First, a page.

What will you learn in this chapter?
Fair Use is the allowance made for the use of copyrighted material for the purpose of commentary, criticism, or parody. This chapter discusses the legal framework for Fair Use and the specifics of when Fair Use does and does not apply.
Copyright is a restriction on free speech
In the United States, we have a constitutionally guaranteed right to Freedom of Speech and also of the Press.
At its most basic, this means that you can say, write, or publish anything you want to and the government is not supposed to be allowed to do anything to restrict that.
However, we know that this is not completely true. Certain forms of speech are restricted because society has determined that the benefit of restriction far outweighs the infringement on freedom.
For example, fraudulent advertising, libel, false accusations, and other types of lying are considered criminal behavior. The classic example of yelling “Fire!” in a crowded theater falls into this category. These are restrictions on free speech put in place to protect the public from certain types of harm.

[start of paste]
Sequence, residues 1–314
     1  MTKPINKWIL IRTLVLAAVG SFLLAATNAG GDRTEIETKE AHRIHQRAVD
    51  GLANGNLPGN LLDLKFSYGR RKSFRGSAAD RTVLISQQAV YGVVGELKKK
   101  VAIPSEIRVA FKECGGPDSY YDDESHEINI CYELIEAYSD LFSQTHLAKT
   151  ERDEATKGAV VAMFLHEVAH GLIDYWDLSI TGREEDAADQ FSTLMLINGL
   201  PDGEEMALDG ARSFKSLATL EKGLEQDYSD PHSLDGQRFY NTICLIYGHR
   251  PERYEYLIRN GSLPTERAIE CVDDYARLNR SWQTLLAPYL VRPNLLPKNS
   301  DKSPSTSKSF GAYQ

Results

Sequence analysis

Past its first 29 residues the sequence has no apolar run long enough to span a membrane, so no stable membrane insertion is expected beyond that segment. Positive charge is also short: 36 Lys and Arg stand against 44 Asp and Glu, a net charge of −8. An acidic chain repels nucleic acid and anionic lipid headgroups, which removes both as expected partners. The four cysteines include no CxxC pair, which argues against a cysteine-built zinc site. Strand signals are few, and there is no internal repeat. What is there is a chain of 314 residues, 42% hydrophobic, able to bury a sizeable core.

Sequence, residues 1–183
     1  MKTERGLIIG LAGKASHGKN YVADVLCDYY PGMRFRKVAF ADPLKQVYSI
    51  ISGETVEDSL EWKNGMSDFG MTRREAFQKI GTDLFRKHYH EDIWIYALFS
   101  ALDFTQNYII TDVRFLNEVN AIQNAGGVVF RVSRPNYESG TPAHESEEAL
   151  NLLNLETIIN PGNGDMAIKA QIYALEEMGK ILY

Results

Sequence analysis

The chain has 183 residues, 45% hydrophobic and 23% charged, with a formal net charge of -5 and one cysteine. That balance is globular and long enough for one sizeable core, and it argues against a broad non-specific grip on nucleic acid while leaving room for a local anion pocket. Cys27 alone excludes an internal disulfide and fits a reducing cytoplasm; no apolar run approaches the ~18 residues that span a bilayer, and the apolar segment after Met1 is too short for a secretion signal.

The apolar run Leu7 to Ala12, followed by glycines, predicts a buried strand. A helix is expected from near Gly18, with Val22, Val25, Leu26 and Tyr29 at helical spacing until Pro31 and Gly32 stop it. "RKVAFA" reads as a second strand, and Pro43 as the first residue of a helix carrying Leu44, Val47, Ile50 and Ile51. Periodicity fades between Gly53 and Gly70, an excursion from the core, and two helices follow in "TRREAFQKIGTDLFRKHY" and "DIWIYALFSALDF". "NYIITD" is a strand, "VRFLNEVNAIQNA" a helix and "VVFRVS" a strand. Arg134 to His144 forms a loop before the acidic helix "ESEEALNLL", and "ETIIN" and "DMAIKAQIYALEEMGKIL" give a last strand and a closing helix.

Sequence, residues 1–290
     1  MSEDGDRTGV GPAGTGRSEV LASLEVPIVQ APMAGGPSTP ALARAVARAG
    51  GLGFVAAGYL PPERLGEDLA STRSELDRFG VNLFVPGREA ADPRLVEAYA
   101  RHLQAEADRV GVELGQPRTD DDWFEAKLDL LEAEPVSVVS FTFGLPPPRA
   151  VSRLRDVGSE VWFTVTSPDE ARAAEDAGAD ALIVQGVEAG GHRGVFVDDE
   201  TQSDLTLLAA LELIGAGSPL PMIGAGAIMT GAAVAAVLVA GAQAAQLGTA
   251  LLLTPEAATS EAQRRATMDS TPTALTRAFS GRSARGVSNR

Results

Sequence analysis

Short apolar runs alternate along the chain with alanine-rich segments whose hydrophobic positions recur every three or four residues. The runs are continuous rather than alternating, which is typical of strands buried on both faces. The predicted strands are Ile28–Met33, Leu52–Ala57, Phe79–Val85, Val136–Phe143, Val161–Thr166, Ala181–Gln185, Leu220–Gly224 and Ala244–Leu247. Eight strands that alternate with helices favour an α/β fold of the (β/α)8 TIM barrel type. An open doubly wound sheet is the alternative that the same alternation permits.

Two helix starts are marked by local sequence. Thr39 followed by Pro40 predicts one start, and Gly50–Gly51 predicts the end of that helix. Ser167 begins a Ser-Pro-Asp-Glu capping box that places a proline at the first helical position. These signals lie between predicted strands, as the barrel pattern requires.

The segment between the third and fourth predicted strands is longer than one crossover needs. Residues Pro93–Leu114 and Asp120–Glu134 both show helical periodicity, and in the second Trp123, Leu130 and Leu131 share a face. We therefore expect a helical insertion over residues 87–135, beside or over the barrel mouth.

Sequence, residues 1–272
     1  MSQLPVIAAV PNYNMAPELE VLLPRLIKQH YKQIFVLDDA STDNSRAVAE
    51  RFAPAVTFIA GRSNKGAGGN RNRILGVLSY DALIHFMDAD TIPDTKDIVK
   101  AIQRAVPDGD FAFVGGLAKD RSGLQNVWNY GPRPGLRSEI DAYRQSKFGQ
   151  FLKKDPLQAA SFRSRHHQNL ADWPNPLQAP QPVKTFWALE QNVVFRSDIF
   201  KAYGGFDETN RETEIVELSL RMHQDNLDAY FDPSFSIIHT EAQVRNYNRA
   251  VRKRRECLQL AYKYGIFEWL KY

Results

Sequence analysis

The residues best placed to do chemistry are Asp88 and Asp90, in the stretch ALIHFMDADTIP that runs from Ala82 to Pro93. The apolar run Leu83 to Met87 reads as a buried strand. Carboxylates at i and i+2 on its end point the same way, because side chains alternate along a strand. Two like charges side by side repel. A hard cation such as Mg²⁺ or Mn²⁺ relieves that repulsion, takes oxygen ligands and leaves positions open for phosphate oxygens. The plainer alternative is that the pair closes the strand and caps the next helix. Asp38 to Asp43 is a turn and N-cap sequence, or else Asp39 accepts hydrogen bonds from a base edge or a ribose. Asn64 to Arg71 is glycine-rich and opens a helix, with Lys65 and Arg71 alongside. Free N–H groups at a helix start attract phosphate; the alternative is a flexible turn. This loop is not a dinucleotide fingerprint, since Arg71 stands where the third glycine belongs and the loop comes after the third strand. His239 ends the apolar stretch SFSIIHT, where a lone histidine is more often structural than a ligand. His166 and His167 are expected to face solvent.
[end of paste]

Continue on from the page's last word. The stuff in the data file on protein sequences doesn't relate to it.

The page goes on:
Copyright functions similarly, except it doesn’t protect form harm. Rather, it promotes a benefit — artists having control over their work and being able to profit from it.
The restriction occurs because if someone had absolute freedom to publish whatever they wanted, that would include the ability to publish something originally written by someone else. The benefit of artist control comes at the cost of a restriction on freedom.
However, the restriction carries its own costs which may be harmful to society. If you need someone’s permission to quote them in order to argue against their position or expose them as a liar, you would likely never get that permission. And this type of criticism is precisely the purpose of Free Speech and Free Press rights in the first place.